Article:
It’s a game of telephone: One says take the plastic bottle cap off, you hear keep it on.
“Keep it off.”
“Keep it on.”
“Does it even matter?”
The fact of the matter is that we live in a throwaway age and plastic bottles and their caps inevitably make their way to landfills and oceans.
Charles Moore, an oceanographer and founder of Algalita Marine Research Foundation, spoke at the Ted Talk Conference in Long Beach, Calif. in Feb. 2009. He says that in the grand scheme of things, less than 5 percent of plastic is recovered and zero percent is ever really recycled.
When researching the effects on marine wildlife, Moore discovered that plastic is found in both the albatross nesting in the Northwest Hawaiian Islands National Monument and the fish that we consume.
“Hundreds of thousands of the goose-sized chicks are dying with stomachs full of bottle caps…sadly, their parents mistake bottle caps for food tossing about in the ocean surface,” Moore says. “We wanted to see if the most common fish in the deep ocean, at the base of the food chain, was ingesting these poison pills. We did hundreds of necropsies, and over a third had polluted plastic fragments in their stomachs.”
For those who recycle, it starts with your driveway, with the blue curbside bins and plastic bottles that may or may not have the caps screwed on top. While the city of Phoenix may collect your recyclables among the 400,000 households they service, their next step is to take them to a separately owned transfer station. The thing is: Not every city has the same sorter or machine equipment.
Yvette Roeder, PIO for the city of Phoenix Public Works Department, says that the specific machinery at North Gateway transfer station prefers the cap to be screwed on.
“If you separate them, sometimes the caps are too small that they actually just fall through the cracks…fall through the machine,” Roeder says. “They end up going into the trash anyway.”
There are mixed signals. The city of Maricopa’s drop-off facility trains the public and its staff to remove lids on plastic bottles, executive director of Environmental Concerns Organization, Inc.,Gina D’Abella says.
Since Maricopa was incorporated into Arizona in 2003, it did not offer city-run curbside recycling until 2007. Instead residents had to rely on the Recycling Association of Maricopa, a nonprofit corporation to run their waste transfer station. D’Abella disagrees that the caps be left on, instead she suggests that they be taken off for three main reasons: liquid contamination, trapped air, and different plastic types.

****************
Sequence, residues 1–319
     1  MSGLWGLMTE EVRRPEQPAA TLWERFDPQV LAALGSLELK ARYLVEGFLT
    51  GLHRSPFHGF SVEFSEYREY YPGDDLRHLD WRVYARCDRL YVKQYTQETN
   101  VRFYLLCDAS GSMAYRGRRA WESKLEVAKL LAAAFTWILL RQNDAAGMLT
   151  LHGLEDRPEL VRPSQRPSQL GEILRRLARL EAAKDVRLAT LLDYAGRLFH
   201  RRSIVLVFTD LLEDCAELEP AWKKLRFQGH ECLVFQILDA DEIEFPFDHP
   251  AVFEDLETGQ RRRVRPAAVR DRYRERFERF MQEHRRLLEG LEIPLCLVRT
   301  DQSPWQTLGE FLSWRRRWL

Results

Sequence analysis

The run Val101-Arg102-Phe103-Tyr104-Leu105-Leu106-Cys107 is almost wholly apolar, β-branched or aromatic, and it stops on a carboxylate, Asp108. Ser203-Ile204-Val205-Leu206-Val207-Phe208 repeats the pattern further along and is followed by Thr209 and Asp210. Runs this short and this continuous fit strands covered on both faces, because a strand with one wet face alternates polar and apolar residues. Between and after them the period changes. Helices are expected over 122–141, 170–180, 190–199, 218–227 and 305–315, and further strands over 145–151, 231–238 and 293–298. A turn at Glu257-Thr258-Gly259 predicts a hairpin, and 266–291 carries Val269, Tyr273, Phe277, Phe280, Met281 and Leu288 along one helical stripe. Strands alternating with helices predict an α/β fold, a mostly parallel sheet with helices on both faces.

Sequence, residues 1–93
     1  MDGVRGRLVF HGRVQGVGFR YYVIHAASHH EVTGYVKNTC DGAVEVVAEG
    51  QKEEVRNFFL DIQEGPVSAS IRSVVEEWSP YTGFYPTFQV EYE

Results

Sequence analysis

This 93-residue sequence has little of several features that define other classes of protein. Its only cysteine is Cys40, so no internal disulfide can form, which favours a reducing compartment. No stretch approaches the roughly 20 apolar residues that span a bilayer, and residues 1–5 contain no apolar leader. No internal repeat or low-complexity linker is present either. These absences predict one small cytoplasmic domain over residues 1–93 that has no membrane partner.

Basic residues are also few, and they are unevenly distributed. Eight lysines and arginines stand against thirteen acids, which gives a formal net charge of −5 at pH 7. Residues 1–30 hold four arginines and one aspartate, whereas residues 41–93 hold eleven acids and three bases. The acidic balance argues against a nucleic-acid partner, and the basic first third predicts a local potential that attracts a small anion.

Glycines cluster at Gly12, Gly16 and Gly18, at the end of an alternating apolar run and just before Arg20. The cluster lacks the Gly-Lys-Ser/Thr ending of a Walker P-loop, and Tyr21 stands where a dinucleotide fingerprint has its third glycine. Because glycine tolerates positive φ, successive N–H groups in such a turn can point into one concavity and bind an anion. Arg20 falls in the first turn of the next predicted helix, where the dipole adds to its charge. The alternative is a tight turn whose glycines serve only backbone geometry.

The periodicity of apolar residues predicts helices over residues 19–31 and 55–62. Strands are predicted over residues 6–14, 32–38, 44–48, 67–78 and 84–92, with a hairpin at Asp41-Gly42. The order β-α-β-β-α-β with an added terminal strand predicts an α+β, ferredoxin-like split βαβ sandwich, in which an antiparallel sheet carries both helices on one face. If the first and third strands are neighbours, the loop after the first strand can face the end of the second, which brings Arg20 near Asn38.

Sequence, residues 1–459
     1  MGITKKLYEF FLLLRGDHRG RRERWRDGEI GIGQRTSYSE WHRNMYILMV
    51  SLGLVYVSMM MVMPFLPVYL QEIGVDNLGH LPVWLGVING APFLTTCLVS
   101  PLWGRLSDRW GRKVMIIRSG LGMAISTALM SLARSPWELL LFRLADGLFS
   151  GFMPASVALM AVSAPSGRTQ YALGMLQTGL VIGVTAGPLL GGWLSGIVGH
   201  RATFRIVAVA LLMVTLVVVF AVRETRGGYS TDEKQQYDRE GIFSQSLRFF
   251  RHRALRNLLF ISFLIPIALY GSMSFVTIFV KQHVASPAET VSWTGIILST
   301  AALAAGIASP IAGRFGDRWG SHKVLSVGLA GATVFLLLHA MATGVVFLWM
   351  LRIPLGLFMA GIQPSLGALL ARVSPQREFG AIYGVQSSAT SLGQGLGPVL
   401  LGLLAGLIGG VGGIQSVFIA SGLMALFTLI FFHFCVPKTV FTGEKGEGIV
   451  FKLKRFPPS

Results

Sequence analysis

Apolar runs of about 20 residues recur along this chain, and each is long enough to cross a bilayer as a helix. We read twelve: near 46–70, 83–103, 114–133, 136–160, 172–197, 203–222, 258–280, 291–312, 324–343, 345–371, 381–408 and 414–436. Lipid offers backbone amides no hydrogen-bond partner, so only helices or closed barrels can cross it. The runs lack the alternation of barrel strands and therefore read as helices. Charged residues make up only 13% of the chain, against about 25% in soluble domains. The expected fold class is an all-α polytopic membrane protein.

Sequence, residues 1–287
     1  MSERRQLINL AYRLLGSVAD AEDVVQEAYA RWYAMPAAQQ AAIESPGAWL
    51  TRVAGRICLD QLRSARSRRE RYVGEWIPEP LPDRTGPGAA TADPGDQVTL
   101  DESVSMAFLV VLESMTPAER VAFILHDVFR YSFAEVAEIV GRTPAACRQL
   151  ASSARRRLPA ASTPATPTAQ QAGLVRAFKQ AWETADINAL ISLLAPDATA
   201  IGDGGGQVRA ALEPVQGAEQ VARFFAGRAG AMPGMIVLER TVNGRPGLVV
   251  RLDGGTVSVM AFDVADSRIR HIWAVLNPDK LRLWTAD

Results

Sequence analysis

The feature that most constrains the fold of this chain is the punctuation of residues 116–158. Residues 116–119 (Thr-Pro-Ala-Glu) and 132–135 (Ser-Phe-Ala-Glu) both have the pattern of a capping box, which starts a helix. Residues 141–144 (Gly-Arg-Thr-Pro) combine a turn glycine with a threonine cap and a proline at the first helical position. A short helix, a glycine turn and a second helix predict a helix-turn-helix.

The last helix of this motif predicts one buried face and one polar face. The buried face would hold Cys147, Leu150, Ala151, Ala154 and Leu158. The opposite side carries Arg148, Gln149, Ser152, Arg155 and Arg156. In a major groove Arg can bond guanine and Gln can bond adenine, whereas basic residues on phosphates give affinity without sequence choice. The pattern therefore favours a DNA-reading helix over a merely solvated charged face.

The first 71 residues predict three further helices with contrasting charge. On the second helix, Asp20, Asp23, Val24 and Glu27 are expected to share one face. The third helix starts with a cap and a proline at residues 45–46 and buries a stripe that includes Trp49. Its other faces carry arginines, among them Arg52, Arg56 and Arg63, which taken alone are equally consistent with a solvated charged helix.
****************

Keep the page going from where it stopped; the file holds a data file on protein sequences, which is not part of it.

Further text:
In regards to liquid contamination, D’Abella says that approximately 30 percent of plastic bottles received by public recycling containers still contain liquids. That percentage is lower for residential curbside containers but still a contamination problem.
“Material Recovery Facilities, MRF, have workers sorting material from a conveyor belt that moves very fast,” D’Abella says. “Typically, the workers don’t touch contaminated material, so it ends up in a container for disposal and doesn’t get recycled.”
D’Abella added that trapped air and an attached lid cause problems when it is unloaded from the recycling trucks that pick up curbside, residential material.
“Plastic bottles with lids still attached take up a lot of space in each load, because of the trapped air inside; therefore the truck reaches load capacity faster and has to unload more frequently at the MRF,” D’Abella says. “This problem contributes significantly to the hauling costs and the carbon footprint of recycling.”
One of the most significant problems involves the differing plastic types.
PET, which stands for Polyethylene terephthalate, is a plastic resin used in synthetic fibers, beverage, food and other liquid containers. PP refers to Polypropylene, which is a thermoplastic polymer used in a variety of packing and labeling, plastic parts and reusable containers.
“If the bottle is PET, but the lid is PP, then any PP in that bale is a contaminant,” D’Abella says.
PET is the most common type of plastic used, as this is what containers like 2-liter soda bottles and peanut butter jars are made out of. PP is the 5th most common type of plastic used; it’s used most commonly for bottle caps, food containers and drinking straws.
Mark Oldfield, Communications Director for Cal Recycle based in Sacramento, Calif., seconded D’Abella’s “caps off” sentiment.
“You can’t recycle the same types of plastic together because then it causes contamination issues,” Oldfield says. “People just want the convenience of dropping everything into their curbside bin.”